The Berkshire Botanical Garden is located in Stockbridge, Massachusetts and was founded in 1934 on 15 acres of donated land. Its public display gardens are among the oldest in the U.S. and have been expanded over the years in breadth and variety through a series of bequests and major gifts.
The Garden’s original mission was to provide a place of serene beauty for Berkshire residents and visitors and to instruct local gardeners in how to grow plants, flowers, fruits and vegetables in the Berkshires. From its inception, the Garden has also offered a broad variety of educational programs to adults and school children from the surrounding area. The Harvest Festival was first held in 1934 as the Garden’s earliest fundraising event. It has become the Berkshires’ best-known community gathering with annual participation of over 10,000 people.
Originally called the Berkshire Garden Center, the Garden was established in 1934 by a group of local garden clubs and civic associations headed up by the Lenox Garden Club, on a parcel of land owned by Bernhard and Irene Hoffman. Horticulturist Kenneth Simpson of Lenox was hired, and a noteworthy collection of prized daylilies was soon donated by the New York Botanical Garden. Numerous gifts by other botanical gardens followed and in short order the Garden was endorsed by garden clubs all over the county.
In 1936 the Garden was granted its non-profit corporation charter and the Hoffmans subsequently donated most of our fifteen acres and the 1770 farmhouse which is known as the Center House today. The Herb Garden, built in 1937 on a terraced rocky slope designed by landscape architect Edward F. Belches, was planted with varieties of hardy and tender herbs displayed according to use, plant family, and ornamental value. It remains our oldest existing garden area. During the Second World War, a Victory Garden was established to educate families in how to supply vegetables and fruits for the table during this period of rations. Canning, freezing and winter storage classes were also offered. In 1946, the Garden received a National Victory Garden Institute Award in recognition of its “contribution to the national war effort.”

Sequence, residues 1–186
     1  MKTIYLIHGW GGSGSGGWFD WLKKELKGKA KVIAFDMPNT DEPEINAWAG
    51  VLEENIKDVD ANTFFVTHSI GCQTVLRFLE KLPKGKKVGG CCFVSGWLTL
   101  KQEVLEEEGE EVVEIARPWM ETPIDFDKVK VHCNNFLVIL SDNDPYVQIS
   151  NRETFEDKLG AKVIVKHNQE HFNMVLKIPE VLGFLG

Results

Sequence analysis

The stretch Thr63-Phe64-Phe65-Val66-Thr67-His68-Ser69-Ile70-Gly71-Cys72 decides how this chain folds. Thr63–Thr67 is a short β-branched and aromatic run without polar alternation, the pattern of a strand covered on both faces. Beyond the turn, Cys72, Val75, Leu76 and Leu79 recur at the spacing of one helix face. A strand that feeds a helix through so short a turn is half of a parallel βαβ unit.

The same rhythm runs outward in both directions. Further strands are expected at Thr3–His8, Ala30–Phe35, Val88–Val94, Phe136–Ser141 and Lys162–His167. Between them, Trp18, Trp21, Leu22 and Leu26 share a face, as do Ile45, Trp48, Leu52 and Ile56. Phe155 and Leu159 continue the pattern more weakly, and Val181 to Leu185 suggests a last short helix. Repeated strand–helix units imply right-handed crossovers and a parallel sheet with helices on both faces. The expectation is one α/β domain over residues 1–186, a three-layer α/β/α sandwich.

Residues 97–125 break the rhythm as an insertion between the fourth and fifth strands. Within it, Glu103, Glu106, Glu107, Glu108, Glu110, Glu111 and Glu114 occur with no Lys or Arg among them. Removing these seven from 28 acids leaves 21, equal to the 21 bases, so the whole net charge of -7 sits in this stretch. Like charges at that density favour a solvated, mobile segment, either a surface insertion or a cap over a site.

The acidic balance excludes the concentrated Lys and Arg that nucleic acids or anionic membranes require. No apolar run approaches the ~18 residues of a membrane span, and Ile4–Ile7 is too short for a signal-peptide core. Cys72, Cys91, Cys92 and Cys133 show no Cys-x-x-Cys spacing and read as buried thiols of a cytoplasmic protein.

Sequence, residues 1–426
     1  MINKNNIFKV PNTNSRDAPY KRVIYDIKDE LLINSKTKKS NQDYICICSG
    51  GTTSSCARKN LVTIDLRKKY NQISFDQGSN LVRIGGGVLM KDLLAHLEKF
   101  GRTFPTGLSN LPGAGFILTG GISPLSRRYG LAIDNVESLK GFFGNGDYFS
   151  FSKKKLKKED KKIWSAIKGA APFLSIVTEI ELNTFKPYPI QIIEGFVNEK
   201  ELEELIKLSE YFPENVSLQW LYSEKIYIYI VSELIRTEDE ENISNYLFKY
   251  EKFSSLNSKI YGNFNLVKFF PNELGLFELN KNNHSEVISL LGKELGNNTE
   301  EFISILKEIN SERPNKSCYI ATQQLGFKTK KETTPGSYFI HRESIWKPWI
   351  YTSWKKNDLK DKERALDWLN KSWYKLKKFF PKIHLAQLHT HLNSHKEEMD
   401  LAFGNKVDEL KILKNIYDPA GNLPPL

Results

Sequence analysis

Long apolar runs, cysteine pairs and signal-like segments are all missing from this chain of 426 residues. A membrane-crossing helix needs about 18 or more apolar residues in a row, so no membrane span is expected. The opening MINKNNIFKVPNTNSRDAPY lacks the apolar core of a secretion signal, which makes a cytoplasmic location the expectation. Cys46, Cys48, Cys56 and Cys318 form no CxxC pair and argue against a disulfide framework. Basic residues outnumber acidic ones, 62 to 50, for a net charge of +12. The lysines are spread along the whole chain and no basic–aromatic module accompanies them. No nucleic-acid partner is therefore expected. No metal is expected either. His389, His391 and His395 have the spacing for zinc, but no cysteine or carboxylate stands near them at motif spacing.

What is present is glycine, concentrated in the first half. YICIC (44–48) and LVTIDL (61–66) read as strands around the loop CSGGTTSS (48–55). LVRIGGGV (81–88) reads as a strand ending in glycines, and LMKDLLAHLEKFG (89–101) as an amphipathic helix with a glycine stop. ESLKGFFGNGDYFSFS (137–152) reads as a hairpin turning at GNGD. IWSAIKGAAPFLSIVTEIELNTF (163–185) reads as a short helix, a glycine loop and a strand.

The late 1930s and 1940s were an active and productive time for the BBG. New gardens were designed, planted and maintained and educational programs continued to be developed. This period included the creation of a library, an endowment fund as well as the newsletter, Cuttings, published six times a year. The Garden received international attention by participating in the New York World’s Fair in 1939 where it held an exhibition of Kenneth Simpson’s collection of native trees and an exhibition of photographs of trees by the well-known photographer, Edwin Lincoln.
At the Botanical Gardens was an amazing cafe which served tea and homemade cookies. I had a chance to talk to the owner and wish them well on their new business.